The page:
A temporary restraining order that prevents the opening of a horse slaughter plant in Roswell, New Mexico, has been extended for a further 10 days, to give parties time to submit more arguments.
Friday’s ruling was made by State District Judge Matthew Wilson.
The case, being taken by New Mexico Attorney General Gary King against Valley Meat Company, owned by Rick De Los Santos, will be called again on January 13.
Wilson heard two hours of arguments before extending the restraining order.
King’s challenge to the opening of the plant centers on environmental concerns, as well as the possibility that meat produced by the plant could potentially contain chemical residues.
King argues that horses are routinely given drugs banned for use in food animals. Most horses lack veterinary records that would help regulators and consumers decide if their meat was safe, he says.
For those reasons, he feels horse meat would likely constitute an adulterated product under the New Mexico Food Act, and therefore would be prohibited.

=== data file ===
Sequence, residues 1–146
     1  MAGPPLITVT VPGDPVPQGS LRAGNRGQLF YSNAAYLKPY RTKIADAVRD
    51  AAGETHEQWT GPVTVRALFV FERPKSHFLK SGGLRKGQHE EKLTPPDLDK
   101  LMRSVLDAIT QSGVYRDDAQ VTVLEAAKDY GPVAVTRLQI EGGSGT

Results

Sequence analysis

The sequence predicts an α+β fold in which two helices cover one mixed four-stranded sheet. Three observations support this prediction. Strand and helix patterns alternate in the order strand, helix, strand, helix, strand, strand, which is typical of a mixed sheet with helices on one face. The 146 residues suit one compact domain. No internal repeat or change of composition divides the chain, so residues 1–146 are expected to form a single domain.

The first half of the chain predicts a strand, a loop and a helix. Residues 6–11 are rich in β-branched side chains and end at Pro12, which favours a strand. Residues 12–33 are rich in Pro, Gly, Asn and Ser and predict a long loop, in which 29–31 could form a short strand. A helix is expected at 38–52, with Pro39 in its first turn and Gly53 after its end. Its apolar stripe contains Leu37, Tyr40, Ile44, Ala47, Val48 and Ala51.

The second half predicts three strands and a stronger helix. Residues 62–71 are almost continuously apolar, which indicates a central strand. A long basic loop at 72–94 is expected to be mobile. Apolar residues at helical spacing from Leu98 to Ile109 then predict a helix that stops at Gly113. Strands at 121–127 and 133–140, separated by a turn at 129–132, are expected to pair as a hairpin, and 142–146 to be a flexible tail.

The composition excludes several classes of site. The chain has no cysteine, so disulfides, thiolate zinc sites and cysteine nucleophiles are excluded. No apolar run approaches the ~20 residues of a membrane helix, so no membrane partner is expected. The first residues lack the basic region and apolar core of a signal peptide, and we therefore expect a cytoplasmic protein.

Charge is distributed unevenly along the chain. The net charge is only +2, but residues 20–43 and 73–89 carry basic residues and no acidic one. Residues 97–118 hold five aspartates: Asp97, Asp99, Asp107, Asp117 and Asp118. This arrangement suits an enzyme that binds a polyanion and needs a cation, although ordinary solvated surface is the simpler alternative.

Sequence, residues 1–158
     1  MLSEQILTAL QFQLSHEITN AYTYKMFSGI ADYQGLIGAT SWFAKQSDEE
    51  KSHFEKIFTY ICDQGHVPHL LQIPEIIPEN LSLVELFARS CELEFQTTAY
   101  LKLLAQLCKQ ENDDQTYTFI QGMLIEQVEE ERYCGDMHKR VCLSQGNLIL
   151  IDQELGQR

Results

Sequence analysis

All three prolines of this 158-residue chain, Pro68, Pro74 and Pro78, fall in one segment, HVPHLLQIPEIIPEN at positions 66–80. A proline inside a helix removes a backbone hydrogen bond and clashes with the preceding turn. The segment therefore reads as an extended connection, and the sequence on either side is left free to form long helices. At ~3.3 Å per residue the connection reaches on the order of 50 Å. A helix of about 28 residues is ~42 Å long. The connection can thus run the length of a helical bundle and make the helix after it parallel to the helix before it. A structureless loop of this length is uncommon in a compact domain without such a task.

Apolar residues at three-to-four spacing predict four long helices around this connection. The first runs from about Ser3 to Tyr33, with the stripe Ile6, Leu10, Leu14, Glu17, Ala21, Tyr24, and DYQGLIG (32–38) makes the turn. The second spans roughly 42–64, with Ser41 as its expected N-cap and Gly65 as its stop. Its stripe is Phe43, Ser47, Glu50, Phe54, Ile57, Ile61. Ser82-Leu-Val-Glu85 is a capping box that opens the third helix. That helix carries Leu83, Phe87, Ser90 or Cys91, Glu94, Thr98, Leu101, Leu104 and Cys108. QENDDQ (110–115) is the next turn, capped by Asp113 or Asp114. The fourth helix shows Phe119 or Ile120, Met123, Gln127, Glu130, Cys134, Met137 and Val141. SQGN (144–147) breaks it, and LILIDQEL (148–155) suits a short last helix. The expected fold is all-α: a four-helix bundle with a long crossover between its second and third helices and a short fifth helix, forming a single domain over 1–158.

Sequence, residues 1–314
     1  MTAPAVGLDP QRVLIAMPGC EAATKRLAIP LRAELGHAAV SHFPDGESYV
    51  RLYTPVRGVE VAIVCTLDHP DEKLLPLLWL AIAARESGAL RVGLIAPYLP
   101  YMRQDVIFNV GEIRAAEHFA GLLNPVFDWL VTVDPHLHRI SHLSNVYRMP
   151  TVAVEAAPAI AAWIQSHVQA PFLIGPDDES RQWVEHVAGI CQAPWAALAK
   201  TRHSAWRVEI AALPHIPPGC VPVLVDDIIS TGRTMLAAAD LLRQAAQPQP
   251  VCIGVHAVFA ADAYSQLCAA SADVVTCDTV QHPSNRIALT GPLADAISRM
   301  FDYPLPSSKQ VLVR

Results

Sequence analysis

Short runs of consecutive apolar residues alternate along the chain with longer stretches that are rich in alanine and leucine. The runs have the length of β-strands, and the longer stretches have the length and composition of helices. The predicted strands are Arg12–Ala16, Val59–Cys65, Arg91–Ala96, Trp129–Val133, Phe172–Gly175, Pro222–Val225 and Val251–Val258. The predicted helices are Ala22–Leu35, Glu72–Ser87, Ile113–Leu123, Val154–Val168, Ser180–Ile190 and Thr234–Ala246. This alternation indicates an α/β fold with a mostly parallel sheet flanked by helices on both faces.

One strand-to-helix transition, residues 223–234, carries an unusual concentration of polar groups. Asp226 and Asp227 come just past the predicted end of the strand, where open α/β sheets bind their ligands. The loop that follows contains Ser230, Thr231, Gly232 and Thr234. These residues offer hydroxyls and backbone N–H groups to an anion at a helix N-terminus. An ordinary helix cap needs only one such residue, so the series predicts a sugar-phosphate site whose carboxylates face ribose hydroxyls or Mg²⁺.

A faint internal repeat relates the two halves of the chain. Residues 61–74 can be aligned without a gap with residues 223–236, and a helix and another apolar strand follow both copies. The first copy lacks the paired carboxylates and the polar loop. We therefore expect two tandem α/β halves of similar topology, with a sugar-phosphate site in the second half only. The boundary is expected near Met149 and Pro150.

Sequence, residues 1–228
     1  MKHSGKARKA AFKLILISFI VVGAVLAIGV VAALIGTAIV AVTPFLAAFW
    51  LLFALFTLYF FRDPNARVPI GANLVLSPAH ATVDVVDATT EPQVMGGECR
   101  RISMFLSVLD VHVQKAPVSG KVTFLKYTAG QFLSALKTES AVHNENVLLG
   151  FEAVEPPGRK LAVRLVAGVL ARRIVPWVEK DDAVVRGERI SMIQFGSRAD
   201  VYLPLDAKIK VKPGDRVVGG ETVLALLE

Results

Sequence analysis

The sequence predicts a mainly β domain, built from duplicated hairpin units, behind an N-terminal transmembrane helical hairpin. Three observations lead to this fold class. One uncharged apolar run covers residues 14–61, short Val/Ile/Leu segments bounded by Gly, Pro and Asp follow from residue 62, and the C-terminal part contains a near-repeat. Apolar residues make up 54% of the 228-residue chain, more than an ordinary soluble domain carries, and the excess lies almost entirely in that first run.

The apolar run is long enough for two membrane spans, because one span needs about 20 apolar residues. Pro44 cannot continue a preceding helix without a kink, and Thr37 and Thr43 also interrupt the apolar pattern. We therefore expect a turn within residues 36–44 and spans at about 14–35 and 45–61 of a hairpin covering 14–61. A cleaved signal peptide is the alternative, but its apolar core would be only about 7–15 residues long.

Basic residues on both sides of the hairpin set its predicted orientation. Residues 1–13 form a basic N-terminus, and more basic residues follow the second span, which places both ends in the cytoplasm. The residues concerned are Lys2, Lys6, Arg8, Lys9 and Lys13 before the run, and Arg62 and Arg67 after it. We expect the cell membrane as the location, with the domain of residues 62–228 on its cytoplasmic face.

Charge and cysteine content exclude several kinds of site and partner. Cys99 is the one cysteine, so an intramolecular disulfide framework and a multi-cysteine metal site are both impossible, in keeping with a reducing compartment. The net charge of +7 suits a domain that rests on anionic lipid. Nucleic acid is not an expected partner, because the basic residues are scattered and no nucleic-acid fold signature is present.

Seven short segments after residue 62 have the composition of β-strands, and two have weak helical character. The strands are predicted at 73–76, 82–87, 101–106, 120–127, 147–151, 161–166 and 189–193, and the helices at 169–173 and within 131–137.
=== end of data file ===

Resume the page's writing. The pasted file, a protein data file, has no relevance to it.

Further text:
Judge Wilson was asked by Valley Meat Company’s lawyer, Blair Dunn, to require the state to post a bond so De Los Santos would be compensated if he prevailed in the case.
The judge said he would consider the issue at the next hearing.
Dunn alleged the court action was politically motivated, noting that King was running for state governor.
The January 13 hearing is scheduled to last a day, and both parties are expected to call witnesses.
Valley Meat Company is also awaiting a required permit from the state Environment Department for disposal of waste water.
The plant faces further hurdles. A wide-ranging spending bill to be considered by Congress in mid-January contains language that would halt federal funding of plant inspections by the US Department of Agriculture.
Without the inspections, horse slaughter plants would be unable to operate on US soil.
Horse advocates have also questioned whether US slaughter plants would find a ready market for meat in Europe, given that EU authorities have already indicated the American industry could not meet traceability requirements demanded under European law.
Horse slaughter plants have not operated in the US since 2007.